Tamir Rice, a twelve-year-old child, was recently shot and killed by Cleveland police. Tamir was in possession of a toy gun. You can read about his tragic, unjust death here.
In Sarah Carr’s piece on the discipline codes of No Excuses schools, she writes:
“If you mess up once at Harrah’s [a New Orleans casino], you are going to be fired!” a parent called out during the KIPP Renaissance meeting. A sense of entitlement, she knew, wouldn’t take these workers far; a willingness to learn and follow the rules was essential.
It can be debated whether strict discipline policies prepare students living in poverty for the world that awaits them; or whether these discipline policies reenforce negative aspects of our current society; or whether these policies are simply a means to an end: through order, more learning takes place.
There is probably some truth to all of these statements. Many people I admire fall on different sides of the issue.
What is often not discussed, however, is that for too many urban schools, there is no choice to be had between discipline philosophies: chaos reigns supreme.
I tutored in a middle school in New Orleans before Katrina, and it was one of the unsafest places I’ve ever walked into. The year after I worked there, two teenagers shot each other. You can read about it here.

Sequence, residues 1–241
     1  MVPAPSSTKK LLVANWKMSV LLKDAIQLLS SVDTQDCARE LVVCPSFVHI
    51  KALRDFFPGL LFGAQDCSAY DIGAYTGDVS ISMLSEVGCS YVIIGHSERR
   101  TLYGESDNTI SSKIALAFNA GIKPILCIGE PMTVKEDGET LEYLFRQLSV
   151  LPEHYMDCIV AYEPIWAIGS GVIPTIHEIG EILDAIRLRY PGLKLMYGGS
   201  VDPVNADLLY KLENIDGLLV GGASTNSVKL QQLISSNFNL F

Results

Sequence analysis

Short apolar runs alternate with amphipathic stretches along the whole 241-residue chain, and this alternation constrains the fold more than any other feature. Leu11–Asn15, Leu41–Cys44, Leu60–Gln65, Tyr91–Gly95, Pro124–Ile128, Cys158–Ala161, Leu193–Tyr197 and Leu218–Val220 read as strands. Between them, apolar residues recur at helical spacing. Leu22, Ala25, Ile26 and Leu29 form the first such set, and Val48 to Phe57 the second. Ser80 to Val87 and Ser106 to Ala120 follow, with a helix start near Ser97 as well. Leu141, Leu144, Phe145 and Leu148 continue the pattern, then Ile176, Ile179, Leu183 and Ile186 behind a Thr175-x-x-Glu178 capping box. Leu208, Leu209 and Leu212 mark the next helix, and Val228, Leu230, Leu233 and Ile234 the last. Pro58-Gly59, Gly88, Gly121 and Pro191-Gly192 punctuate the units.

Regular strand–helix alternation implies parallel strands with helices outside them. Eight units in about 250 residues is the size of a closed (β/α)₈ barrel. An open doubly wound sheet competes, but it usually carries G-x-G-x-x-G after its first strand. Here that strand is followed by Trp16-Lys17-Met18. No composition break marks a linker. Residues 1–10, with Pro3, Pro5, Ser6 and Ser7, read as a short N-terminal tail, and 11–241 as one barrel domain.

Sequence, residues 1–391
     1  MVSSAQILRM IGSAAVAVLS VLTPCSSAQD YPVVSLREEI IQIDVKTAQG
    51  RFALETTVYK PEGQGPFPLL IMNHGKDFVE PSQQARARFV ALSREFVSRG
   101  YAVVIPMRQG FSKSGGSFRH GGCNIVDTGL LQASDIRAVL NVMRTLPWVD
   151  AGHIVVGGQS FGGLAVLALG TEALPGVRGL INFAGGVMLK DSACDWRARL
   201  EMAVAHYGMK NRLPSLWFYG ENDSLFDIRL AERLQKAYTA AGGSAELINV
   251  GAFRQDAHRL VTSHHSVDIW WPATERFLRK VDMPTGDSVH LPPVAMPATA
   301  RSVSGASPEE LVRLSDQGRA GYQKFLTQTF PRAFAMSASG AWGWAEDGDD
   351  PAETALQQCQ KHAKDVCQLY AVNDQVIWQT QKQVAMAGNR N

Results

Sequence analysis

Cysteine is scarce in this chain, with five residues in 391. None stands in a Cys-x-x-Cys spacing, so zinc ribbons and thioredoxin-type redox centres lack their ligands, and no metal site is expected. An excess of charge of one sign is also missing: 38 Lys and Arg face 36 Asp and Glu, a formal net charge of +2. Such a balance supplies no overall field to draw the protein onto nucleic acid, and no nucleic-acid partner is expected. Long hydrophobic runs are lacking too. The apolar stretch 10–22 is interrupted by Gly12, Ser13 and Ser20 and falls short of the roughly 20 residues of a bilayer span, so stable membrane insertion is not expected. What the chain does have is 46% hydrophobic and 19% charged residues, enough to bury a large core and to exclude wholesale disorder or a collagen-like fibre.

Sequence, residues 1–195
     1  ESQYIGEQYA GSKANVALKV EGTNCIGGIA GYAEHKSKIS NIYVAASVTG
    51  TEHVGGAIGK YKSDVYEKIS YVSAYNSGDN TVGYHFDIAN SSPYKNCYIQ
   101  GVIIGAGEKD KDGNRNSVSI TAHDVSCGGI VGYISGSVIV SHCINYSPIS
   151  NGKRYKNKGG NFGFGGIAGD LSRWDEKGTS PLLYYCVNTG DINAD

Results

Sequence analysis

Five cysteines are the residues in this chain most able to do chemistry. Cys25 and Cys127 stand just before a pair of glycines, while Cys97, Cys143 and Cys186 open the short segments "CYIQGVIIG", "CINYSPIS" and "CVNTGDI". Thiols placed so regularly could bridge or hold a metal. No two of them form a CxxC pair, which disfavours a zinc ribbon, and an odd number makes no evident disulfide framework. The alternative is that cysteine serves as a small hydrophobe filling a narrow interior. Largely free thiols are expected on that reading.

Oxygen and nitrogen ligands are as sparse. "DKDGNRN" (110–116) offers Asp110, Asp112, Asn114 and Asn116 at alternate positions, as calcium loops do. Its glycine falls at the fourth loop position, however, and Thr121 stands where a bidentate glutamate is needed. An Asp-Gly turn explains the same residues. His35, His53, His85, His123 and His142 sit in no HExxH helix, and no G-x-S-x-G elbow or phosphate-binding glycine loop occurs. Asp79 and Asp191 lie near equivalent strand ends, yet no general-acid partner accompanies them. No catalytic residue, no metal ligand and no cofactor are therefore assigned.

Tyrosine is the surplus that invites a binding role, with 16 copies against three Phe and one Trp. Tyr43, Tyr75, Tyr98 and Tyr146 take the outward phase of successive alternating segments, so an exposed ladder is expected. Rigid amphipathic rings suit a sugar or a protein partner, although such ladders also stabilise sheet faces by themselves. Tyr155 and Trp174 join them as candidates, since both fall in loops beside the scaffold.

In this sense, I welcome the debate regarding discipline philosophies. It shows how far we’ve come. It also hints at how far we have to go, both in terms of schooling and as a society as a whole.
Tamir’s death is a horrifying reminder of how violence, in this case government authorized violence, shapes poor children’s lives and deaths. I don’t know the details of the case, but I find it astounding that the police felt that they had to shoot and kill a twelve year old child; that there was no other solution.
I’ve made many mistakes in my life. I’ve broken the law, in some fashion or another, countless times. The consequences of these mistakes have been minimal.
For many of the students we serve, the consequences of mistakes – of simply being children – can be death.
In a more just world, this would not be the case.